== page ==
That's right, you heard me. I - who call myself a "Creativity Coach" - am genuinely not interested in talking about "creativity" any more.
I know it sounds heretical, but hear me out.
Objection #1: Creativity as Innate and Art-related
First of all, the idea of "creativity" is most often understood as the innate personal quality that leads to an ability to make art or come up with new ideas. As such, "creativity" comes with lots of unhelpful associations as being something you either have or don't have, and is easily confused as a synonym for being "artistic."
Objection #2: Creativity as a Happiness Pill
I'm going to let Robert Fritz, author of Creating, The Path of Least Resistance, and many other books explain this second objection...because he does it so well.
"Creativity [is often] seen as a nice little thing to add to your life that will somehow make you happier, in a similar way that adding a hot tub to your home might make you happier. Creativity is viewed on the same level as positive thinking, New Age philosophy, and human potential training. Unfortunately, when people think of the subject in this way, they leave the creative process unaddressed and envision creativity as the magic pill that will transform them to a new height of enjoyment in life." - Robert Fritz
Of course, there's nothing wrong with seeking happiness and enjoyment. But there is a way that "Creativity" gets tossed around in the same conversations as "meditation" or "juice cleanses" or "placenta pills"... something we think we should probably try in our quest to be healthier, happier, or more productive human beings. (Please don't misunderstand me - I'm not saying that meditation is a fad, I'm saying that "mindfulness" - like "creativity" - is easily packaged as a "magic pill" by a marketplace culture that sells commodities by convincing consumers that they should be filling gaps, constantly improving, and alleviating pain.)
OK, so what DO I want to talk about?
I want to talk about two things:
1. I DO want to talk about creating and/or the creating process,
by which I mean the active process of bringing into existence something new that matters to you. That "something new that matters to you" might be something 'in the arts', but it might just as well be a relationship, or a business, or a better way to organize your community, or a deeper practice for apprehending the sacred in your life. Once you are in the arena of the creating process, the question of your personal 'creativity' quickly becomes a non-issue. The important questions that arise as you create are things like: "Did you know that moving from the generation space to the manifestation space is a universal crisis zone for creators?" "How are you engaging with the Void?" "Whatcha going to do when you run into intellectual or emotional challenges?" and, oh yeah, "How's that fear-management going?"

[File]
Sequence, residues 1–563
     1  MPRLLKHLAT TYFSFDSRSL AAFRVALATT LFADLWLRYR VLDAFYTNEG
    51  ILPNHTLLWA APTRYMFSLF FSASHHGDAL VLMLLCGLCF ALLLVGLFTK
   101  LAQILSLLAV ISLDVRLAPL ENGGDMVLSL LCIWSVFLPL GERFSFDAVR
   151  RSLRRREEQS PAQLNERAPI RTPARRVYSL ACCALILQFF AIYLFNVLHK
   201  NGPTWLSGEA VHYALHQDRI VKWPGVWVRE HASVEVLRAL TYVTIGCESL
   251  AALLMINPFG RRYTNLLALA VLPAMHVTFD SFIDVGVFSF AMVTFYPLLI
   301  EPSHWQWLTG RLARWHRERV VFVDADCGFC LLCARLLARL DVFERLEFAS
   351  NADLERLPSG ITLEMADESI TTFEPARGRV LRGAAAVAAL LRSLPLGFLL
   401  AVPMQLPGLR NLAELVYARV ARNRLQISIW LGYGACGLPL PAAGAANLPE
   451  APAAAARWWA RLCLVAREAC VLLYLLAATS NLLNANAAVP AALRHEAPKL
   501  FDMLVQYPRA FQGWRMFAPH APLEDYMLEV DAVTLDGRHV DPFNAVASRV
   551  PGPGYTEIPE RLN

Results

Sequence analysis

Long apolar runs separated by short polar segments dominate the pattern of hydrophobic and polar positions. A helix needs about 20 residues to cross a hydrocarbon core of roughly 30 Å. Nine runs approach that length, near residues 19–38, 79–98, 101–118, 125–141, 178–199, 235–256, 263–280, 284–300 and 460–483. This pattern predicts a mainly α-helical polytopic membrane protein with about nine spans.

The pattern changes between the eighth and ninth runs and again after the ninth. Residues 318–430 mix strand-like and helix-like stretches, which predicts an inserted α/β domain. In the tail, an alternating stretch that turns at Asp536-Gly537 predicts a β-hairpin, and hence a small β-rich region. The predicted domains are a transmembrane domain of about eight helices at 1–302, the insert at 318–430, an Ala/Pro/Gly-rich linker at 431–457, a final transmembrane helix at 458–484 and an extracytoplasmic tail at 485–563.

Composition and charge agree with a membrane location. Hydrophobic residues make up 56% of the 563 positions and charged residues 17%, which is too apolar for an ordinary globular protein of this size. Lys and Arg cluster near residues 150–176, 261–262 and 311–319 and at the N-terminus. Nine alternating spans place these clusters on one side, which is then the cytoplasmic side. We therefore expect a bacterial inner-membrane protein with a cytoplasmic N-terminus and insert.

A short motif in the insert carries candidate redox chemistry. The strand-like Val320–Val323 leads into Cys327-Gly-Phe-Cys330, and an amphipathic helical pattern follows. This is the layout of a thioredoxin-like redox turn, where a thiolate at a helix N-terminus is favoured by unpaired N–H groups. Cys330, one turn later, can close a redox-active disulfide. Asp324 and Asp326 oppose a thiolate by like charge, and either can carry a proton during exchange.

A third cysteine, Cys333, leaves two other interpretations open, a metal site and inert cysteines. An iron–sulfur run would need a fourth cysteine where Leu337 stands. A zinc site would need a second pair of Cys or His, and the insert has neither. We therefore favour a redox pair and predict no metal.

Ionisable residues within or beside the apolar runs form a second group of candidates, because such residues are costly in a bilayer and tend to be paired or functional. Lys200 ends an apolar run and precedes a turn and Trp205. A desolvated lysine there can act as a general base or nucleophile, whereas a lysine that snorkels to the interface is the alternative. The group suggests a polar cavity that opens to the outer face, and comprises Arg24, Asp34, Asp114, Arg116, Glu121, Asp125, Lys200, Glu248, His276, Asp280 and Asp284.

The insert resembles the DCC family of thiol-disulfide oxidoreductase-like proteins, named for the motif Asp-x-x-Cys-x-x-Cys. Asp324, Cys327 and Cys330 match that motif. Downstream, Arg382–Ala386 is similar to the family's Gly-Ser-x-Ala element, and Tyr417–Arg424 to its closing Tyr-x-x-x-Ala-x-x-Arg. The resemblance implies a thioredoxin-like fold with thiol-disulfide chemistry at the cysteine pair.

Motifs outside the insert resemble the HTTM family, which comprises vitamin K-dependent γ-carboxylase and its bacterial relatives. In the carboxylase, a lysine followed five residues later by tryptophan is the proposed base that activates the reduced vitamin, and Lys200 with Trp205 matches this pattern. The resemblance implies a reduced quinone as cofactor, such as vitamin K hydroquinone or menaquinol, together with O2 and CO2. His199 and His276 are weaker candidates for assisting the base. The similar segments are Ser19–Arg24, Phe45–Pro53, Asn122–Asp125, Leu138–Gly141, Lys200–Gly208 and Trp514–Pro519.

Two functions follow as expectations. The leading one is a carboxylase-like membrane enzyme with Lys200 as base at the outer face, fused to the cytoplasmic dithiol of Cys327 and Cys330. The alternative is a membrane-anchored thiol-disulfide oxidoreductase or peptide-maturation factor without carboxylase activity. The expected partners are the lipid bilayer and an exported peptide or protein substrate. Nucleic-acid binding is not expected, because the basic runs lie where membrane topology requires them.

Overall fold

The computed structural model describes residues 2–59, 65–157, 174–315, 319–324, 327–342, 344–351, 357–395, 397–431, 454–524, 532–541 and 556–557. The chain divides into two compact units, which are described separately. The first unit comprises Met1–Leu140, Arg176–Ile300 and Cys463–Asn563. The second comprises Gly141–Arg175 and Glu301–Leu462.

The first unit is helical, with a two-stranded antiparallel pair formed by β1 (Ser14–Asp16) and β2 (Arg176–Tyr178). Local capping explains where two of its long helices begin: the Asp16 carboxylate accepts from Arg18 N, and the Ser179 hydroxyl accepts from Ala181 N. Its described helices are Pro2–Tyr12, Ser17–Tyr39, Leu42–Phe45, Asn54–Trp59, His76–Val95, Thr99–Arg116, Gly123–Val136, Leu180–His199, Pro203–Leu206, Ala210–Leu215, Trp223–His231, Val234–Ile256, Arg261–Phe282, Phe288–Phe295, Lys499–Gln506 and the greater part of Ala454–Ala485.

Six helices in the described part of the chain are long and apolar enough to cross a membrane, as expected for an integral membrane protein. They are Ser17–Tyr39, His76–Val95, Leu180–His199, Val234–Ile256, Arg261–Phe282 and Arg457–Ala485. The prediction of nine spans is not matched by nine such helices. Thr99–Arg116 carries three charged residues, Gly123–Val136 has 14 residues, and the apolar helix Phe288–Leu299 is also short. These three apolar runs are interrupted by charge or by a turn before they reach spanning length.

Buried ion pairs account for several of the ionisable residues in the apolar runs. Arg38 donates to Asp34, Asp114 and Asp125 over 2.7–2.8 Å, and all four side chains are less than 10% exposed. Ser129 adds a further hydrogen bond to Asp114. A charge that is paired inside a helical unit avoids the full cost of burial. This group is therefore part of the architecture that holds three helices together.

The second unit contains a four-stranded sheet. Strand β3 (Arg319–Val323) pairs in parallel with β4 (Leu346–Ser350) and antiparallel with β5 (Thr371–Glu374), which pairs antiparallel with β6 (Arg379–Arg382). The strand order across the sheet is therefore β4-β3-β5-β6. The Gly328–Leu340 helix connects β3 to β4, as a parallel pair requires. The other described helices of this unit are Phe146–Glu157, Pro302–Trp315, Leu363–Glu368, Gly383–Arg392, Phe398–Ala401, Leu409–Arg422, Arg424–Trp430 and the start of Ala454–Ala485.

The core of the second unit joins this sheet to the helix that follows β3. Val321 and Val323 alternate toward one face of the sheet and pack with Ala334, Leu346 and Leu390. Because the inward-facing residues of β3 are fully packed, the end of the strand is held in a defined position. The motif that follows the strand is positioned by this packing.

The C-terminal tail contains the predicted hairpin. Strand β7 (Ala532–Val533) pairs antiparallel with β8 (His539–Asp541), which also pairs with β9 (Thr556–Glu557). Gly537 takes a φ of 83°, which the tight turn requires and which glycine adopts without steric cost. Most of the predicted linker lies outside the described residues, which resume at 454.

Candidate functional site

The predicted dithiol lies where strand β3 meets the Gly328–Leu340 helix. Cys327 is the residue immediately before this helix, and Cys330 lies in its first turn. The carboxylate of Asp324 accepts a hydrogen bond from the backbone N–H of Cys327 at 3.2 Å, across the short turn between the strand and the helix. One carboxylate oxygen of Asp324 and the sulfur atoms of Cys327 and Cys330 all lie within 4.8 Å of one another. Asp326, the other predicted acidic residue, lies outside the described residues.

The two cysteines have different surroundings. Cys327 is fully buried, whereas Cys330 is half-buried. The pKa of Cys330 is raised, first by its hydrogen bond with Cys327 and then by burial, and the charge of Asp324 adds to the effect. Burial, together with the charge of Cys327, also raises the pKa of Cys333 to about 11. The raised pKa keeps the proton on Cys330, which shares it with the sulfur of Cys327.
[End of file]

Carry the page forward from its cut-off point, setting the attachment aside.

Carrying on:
2. I also want to talk about being a creator, living as a creator, and what that means for how you show up in your inner life, and how you show up in the world.
Being a creator means being a person with agency, with self-awareness, with the capacity to meet - and the willingness to be transformed by - the challenges of the creating process. A creator is, by definition, a person of courage, of audacity, of vision. I don't mean the grandiose notion of being a capital V "visionary." I mean being a person willing to fall in love with things that don't exist yet but that matter to them as much as anything. A person willing to dive in and try to make those beloved possibilities come into form. A person willing to engage deeply and unflinchingly with the reality of what IS now, and - from that basis in awareness of current reality - get to work creating something new that moves the world - or simply your world - forward.
In her book of essays, Upstream, the poet Mary Oliver says,
“In creative work – creative work of all kinds – those who are the world’s working artists are not trying to help the world go around, but forward.”
Now, don’t get hung up on Oliver’s use of the word “artists” here! (Yes, you.) By italicizing the words “all kinds,” she’s signaling that she is speaking about all creators. She is saying that when we are engaged in the creating process, we join with all other creators in advancing and improving the world.
Even when it feels like our creating work is taking us around and around again, if we are truly engaging with all of its challenges – the need to push in the direction of our fear; the need to marshal and sustain our concentration; the need to persevere in the absence of guarantees or evidence of likely success; the need to endure times of utter groundlessness - the creating process is also moving us outward and upward both individually and collectively. Our creating both stretches us and evolves our culture, expanding the possibilities for everyone.
and THAT's worth talking about - don't you think???